The British pound has fallen to a 7 year low against the US dollar and a record low against the Japanese Yen. Over the past 3 trading days, the GBP/USD has dropped more than 1000 pips or 7 percent. Consumer prices were hotter than the market expected, so what has fueled this aggressively selling?
One answer – FEAR
The market is afraid that the UK will turn into the next Spain or Greece. Over the past few months, they have been working overtime to inject more stimulus into the economy, but the more that they spend, the worse impact it has on the UK’s fiscal position. Deteriorating public finances has been the primary motivation for the recent downgrades of sovereign debt ratings by Standard and Poor’s. The FSA has dismissed this rumor but that doesn’t mean that the UK can’t be put on credit watch negative which would be one step before a downgrade. Investors are selling now and asking questions later because a downgrade would mean more losses for the British pound. Whenever a country loses its AAA rating, funds that are mandated to invest in only AAA assets need to liquidate and shift their positions elsewhere. We have seen this with Spain and could see it again with the UK.
Bank of England Governor Mervyn King will be speaking later today and he will probably attempt to calm the markets. But with employment data and the minutes from the latest monetary policy meeting due for release, his impact may be limited.
How Low Can the GBP/USD Fall?
The British pound has broken 2 key support levels – 1.45 and 1.40. Trends can last for a very long time in the currency market which is why there is a decent chance that we could see the GBP/USD slip to 1.3685, the June 2001 low. If that price level is broken, it would be a 16 year low for the currency pair. The 1.40 level is pretty critical on a closing basis. If the GBP/USD closes above 1.40 today, we may actually see a larger bounce, but don’t expect the currency pair to revisit the 1.45 level any time soon.
Monthly Chart of GBP/USD:
With the US markets closed for Martin Luther King’s Day, the odds were skewed towards a quiet trading. However, big news in Europe has made it anything BUT quiet.
After hitting an intraday high above 1.33, the EUR/USD has sold off aggressively on news that Standard and Poors downgraded the sovereign debt rating of Spain from AAA to AA+. The outlook is stable which means that further downgrades for the country is unlikely. However this could be the beginning of more downgrades in the Eurozone. Last week, Greece’s sovereign debt rating was downgraded as well to A- while Ireland and Portugal have been placed on credit watch. The reasons for the downgrades are obvious. The Eurozone is in recession and those countries have suffered greatly. Also, public finances have deteriorated materially since the governments are trying to spur growth by spending.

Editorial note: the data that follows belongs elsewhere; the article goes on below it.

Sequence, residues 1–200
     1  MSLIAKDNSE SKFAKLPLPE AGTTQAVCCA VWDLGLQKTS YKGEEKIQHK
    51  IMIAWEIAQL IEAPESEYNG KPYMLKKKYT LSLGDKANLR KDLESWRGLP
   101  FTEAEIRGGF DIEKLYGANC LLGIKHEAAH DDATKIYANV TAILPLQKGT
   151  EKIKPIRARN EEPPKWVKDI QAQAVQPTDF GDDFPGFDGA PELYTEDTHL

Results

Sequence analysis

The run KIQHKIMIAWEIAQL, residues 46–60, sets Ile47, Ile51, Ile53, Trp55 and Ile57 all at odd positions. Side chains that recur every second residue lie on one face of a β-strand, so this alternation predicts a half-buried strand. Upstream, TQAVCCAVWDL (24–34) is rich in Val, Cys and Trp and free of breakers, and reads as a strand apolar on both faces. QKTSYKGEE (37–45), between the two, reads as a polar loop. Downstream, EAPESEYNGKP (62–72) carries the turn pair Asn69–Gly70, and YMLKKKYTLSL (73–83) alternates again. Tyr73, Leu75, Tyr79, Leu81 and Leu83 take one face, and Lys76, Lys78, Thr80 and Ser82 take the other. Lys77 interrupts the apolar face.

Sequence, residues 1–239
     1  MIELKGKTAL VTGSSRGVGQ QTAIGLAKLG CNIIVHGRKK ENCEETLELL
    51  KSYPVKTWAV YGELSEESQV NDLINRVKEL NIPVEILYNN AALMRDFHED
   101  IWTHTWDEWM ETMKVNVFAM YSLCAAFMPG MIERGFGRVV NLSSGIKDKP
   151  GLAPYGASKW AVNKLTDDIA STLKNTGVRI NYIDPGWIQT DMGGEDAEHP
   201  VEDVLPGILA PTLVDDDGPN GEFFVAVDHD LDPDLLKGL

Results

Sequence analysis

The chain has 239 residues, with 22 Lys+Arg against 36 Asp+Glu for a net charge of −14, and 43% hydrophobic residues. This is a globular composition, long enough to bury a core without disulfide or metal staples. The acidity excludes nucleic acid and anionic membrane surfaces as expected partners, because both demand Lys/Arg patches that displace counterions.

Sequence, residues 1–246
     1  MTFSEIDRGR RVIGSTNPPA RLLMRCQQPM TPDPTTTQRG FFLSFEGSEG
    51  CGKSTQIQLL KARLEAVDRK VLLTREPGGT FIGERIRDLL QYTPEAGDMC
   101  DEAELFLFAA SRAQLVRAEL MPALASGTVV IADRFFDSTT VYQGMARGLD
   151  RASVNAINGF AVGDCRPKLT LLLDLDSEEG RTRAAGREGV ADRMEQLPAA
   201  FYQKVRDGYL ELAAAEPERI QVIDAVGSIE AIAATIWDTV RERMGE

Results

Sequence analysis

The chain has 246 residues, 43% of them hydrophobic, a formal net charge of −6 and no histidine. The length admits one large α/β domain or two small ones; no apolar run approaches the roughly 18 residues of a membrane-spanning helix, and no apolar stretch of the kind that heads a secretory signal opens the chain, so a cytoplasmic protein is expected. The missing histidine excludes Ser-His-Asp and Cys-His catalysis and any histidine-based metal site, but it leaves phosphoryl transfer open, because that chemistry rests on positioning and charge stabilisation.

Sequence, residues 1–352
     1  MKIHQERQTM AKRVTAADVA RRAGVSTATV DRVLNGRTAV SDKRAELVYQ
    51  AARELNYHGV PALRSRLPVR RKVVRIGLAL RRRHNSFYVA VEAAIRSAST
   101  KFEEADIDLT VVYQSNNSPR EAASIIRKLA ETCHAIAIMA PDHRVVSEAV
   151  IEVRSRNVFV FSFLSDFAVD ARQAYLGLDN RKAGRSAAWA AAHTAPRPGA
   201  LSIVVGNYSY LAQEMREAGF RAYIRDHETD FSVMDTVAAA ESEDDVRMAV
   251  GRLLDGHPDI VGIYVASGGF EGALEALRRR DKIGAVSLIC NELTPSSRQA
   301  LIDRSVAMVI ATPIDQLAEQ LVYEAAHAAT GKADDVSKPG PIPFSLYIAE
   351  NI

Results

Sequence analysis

British Pound Below 1.45 After New Announcements by UK Government
The British pound has also fallen below 1.45 after the UK Treasury announced more groundbreaking measures to stimulate the UK economy. They have set up a program to guarantee bad debts and buy up to GBP50 billion in private sector assets. They will also be increasing their stake in the Royal Bank of Scotland. This is aimed at pumping more money into the economy and may be a step towards quantitative easing. Although the UK government has been the most aggressive in coming up with measures to turn the economy around, the British pound has sold off because investors fear that the step was taken because the outlook for the UK economy was worst than feared. They are also doubtful that the government’s efforts will pay off.
In the long run, all of the stimulus that the Brown and company have injected should make the UK the first country to recover when the global economy stabilizes. This is why I am long term bearish EUR/GBP.
Update – 5 Reasons Why the British Pound is Being Pounded – Access my latest article Feb 28, 2010
How Did the British Pound Trade in 2008?
The British pound was one of the worst performing currencies in 2008. It fell to a 6 year low against the US dollar and record low against the Euro in addition to selling off against every other G10 currency. The overwhelming weakness in the currency is a direct reflection of the impact that the credit crisis had on the UK economy. In the month of December, many currencies recovered against the US dollar, but unfortunately the British pound was not one of them. Although the pound could continue to weaken in the first quarter, the government’s aggressive fiscal and monetary stimulus should help the country recover towards the end of 2009.